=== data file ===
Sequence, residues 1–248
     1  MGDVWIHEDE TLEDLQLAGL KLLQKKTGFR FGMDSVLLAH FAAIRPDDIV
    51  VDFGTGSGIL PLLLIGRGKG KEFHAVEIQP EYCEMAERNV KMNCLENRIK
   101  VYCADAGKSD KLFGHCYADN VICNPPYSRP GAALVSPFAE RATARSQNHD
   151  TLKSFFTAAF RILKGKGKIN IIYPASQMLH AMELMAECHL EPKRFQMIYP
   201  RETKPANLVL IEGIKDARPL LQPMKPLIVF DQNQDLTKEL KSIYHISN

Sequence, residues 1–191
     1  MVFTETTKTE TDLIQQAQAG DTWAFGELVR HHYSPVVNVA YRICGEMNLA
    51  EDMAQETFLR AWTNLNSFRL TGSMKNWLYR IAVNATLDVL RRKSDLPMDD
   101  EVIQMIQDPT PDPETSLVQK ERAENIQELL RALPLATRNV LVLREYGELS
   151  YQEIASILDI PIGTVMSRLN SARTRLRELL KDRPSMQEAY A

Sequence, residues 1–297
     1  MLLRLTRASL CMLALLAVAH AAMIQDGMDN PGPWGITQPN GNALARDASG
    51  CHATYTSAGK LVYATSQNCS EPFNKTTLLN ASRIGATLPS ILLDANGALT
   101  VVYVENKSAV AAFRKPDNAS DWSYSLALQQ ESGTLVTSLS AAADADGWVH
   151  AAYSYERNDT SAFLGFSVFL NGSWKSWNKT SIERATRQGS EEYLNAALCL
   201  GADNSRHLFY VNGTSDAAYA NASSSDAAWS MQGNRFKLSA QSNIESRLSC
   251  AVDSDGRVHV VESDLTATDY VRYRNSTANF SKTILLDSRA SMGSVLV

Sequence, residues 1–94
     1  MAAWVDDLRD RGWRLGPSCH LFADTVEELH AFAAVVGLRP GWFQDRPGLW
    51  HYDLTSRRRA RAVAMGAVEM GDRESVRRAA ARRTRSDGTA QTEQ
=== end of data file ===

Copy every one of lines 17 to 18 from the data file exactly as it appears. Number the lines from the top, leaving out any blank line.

   201  GADNSRHLFY VNGTSDAAYA NASSSDAAWS MQGNRFKLSA QSNIESRLSC
   251  AVDSDGRVHV VESDLTATDY VRYRNSTANF SKTILLDSRA SMGSVLV